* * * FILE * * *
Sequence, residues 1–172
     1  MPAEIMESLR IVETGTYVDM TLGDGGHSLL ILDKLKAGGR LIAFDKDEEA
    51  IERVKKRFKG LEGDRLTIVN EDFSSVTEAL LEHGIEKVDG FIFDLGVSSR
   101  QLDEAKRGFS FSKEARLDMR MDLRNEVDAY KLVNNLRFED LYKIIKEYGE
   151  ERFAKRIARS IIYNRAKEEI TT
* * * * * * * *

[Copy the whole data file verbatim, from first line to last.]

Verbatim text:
Sequence, residues 1–172
     1  MPAEIMESLR IVETGTYVDM TLGDGGHSLL ILDKLKAGGR LIAFDKDEEA
    51  IERVKKRFKG LEGDRLTIVN EDFSSVTEAL LEHGIEKVDG FIFDLGVSSR
   101  QLDEAKRGFS FSKEARLDMR MDLRNEVDAY KLVNNLRFED LYKIIKEYGE
   151  ERFAKRIARS IIYNRAKEEI TT